They must not think that this world is meaningless and filled with confusion, while the world of Enlightenment is full of meaning and peace. Rather, they should taste the way of Enlightenment in all the affairs of this world. If a man looks upon the world with defiled eyes dimmed by ignorance, he will see it filled with error; but if he looks upon it with clear wisdom, he will see it as the world of Enlightenment, which it is. The fact is - there is only one world, not two worlds, one meaningless and the other full of meaning, or one good and the other bad. People only think there are two worlds, due to their discriminating faculty. If they could rid themselves of these discrimina- tions and keep their minds pure with the light of wisdom, then they would see only one world in which everything is meaningful. Those who believe in Buddha taste this universal purity of oneness in everything, and in that mind they feel compassion for all and have a humble attitude to serve everyone. Therefore, they should cleanse their minds of all pride and cherish humility, courtesy and service. Their minds should be like the fruitful earth that nourishes everything without partiality, that serves without complaint, that endures patiently, that is always zeal- ous, that finds its highest joy in serving all poor people by planting in their minds the seeds of the Buddha's teaching. Thus, the mind that has compassion for poor people, becomes a mother to all people, honors all people, looks upon all as personal friends, and respects them as parents.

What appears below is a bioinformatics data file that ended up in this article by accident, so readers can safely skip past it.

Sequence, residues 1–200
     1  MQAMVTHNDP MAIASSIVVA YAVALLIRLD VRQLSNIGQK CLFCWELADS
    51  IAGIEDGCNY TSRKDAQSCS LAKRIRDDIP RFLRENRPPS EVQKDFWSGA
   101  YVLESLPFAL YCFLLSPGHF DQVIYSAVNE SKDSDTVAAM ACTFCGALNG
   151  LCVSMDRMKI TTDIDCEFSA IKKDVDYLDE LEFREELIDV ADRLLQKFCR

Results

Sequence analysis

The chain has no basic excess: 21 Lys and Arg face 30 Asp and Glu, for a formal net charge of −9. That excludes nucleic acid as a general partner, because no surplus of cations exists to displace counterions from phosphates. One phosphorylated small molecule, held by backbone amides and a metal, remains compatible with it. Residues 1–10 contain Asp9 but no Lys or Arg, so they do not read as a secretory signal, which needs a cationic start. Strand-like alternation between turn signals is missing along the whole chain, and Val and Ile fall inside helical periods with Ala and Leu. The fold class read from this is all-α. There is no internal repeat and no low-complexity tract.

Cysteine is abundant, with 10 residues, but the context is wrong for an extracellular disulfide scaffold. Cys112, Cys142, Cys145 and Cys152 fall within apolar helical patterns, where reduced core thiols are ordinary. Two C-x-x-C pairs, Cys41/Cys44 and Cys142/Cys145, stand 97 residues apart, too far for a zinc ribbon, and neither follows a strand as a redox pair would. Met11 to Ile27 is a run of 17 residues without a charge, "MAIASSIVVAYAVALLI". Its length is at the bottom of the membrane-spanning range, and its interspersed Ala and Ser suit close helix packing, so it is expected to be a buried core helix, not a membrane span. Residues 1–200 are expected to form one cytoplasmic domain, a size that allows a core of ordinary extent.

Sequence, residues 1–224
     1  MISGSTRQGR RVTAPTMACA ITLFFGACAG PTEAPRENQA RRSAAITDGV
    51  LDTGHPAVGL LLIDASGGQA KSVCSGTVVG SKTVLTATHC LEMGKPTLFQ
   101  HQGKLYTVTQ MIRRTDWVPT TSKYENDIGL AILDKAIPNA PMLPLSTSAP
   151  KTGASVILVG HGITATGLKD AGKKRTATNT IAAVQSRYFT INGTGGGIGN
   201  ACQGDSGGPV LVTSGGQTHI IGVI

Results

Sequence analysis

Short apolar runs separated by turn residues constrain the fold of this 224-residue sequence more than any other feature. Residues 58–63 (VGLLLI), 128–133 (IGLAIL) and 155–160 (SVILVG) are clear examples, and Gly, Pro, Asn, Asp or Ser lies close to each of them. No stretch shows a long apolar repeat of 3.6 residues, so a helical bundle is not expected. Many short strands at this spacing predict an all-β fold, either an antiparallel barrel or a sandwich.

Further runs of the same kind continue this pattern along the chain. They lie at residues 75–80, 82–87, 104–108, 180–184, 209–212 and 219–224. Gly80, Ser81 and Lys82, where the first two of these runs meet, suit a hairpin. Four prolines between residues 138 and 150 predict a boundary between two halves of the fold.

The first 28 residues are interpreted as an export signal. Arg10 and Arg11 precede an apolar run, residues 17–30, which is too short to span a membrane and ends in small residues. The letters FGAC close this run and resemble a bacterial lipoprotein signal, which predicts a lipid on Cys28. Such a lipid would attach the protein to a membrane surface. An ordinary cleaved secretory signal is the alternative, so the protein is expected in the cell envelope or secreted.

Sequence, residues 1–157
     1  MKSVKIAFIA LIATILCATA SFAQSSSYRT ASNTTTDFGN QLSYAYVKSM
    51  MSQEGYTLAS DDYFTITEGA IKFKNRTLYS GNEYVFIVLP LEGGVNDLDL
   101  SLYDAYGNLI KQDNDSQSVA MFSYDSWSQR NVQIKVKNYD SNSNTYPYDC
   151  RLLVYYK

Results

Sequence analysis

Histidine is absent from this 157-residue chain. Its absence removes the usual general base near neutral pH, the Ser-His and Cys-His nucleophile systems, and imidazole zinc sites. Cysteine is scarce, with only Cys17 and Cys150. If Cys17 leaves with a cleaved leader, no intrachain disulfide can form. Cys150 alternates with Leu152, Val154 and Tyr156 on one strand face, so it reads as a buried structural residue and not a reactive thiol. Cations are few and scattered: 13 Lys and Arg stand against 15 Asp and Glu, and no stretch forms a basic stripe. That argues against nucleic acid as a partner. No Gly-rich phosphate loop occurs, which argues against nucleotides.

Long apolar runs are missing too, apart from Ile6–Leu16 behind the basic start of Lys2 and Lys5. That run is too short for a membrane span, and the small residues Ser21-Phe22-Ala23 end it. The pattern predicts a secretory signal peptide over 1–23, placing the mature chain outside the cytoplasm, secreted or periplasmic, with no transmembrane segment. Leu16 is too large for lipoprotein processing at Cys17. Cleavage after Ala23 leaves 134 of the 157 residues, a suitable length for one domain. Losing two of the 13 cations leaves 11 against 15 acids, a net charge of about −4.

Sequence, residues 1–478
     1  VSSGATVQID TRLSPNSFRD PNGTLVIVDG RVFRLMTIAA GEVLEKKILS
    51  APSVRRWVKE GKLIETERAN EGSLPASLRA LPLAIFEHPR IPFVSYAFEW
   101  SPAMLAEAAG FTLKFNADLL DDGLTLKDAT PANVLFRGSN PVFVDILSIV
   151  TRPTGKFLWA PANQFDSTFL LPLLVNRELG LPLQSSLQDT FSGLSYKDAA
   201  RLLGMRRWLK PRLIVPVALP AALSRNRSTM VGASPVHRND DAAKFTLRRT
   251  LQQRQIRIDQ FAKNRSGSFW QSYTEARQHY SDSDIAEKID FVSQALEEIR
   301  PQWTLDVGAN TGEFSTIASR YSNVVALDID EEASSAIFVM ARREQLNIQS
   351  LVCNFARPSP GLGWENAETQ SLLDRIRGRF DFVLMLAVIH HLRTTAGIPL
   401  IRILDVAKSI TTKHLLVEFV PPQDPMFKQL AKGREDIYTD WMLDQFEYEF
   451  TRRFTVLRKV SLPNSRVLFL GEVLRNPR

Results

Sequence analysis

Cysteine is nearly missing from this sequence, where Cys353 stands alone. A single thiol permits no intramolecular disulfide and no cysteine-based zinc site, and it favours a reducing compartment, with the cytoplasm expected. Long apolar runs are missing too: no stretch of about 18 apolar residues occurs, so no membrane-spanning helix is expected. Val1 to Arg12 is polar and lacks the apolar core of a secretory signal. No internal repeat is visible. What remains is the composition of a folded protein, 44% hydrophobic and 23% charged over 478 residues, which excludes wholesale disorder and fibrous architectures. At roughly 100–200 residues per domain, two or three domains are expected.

In Buddhist psychology, one way to satisfy the various cravings of human nature is to find proper and construc- tive outlet for them. The person whose one-pointed drive is undermining his constitution and destroying his dispo- sition, can find other activities to give him inspiration, relaxation, and enduring pleasure. Most of the desirable directions toward which man turns his attention are in some way Enlightening or ennobling to his character. He experiences enrichment and a new sense of values. He may learn that he will be just as happy reading a good book as watching a crime program on television; that inspiring music will give him greater internal security than an escape through dissipation can possibly bestow. There are wonderful things that people can do to increase their own inner happiness and make life more valuable to others. But while the drives to success are strong, we give no thought to the enrichment or refinement of consciousness itself. If we become so tied down by career that we have no time or strength to broaden our interests, and cannot begin to fulfill our natural instinct for self- im- provement, something is seriously wrong. We have built a way of life that protects everything except man himself. He must always sacrifice the real values of his nature to maintain his institutions, enterprises, and projects. Sim- plification of living would bring benefits to everyone, and an important step in this direction is to give priority to such activities as obviously deserve first attention. How does a tense and confused person justify his own condition? Almost certainly he blames his misfortunes upon other people. He is unhappy because they do not appr ciate him, do not share his point of view, or because they interfere with his immediate objectives. None of these grievances can actually be regarded as a legitimate cause for complaint. There is no real reason why others should cater to us, or permit us to use them to achieve our personal desires. Most of all, we should not feel slighted or abused because we do not have our own way. Such matters should be solved in the quietude of our inner lives. We should learn to expect little and appreciate profoundly any expression of the good will of oth- ers that may be directed toward us. The demanding person is always unhappy, primarily because he has no right to demand. Elaborate programs of ulterior motives, which we hope to advance through the ignorance or even cu- pidity of others, are wrong in the first place and deserve to turn out badly. The moment we fully realize that we are not entitled to advance ourselves in any way at the expense of others, we will begin to clarify our own think- ing and remove causes for dissatisfaction with our friends and associates. Always, selfish- ness and egotism com- plicate the problems of living and ultimately lead to sorrow. The whole procedure is vain because life itself will not support any of these private, self-centered purposes. Everything that we accumulate will be dissipated; ambi- tions are meaningless even when we attain them, producing only weariness of spirit. Actually, the purpose of this entire way of thinking is not futility, but maturity. It is perfectly possible to live a meaningful life without break- ing the rules with which nature protects essential values. But we must come to realize that there is only one pur- pose that really makes life worthwhile, and that is to improve in those characteristics which we can take out of this life when we go. We are fully aware that we are going to depart, and we know that our departure may be sud- den and unexpected. Most persons therefore give some thought to what they leave behind for their descendants. As we grow in insight, we come to understand that the best gift we can bestow upon young people is the desire to live according to good and honorable principles. This is far more important than material wealth. We build a heri- tage for our children through personal example in our daily living. Thus, we should ask ourselves if we are creat- ing a pattern that we would want them to follow. Do we choose to enjoy harmless activities and find pleasure in simple amusements and harmonious associations with friends and family? In personal relationships, do we de- mand little and give all we can? Do we find special joy in creating and preserving beautiful things? Do we put our full heart and soul into our labor, finding in work a sense of fulfillment, and not an odious chore? Are we able to experience quietude as something that brings us close to the ideals we value in our own hearts? The devout Bud- dhist loves to walk among the stone lanterns on the grounds of a temple and unite his thoughts with all the beauty of the world, remembering loved ones who walked this path long ago. It is not difficult for him to feel the invisible presences that gather around the sanctuary. Here is a world far from war and hate and strife and all the legends and fairytales appear very plausi- ble as the moon makes a path of silver across the temple pond. The Buddhist has a remarkable capacity to live in a wondrous realm of "dreaming true," where all the hopes of the young are still cherished realities. Quietude prepares the way for the beauties of his simple and powerful faith. Actually, he cannot be disillusioned, for he has found a region of radiant light, of benevolent beings, of little miracles sensed even in commonplace occurrences.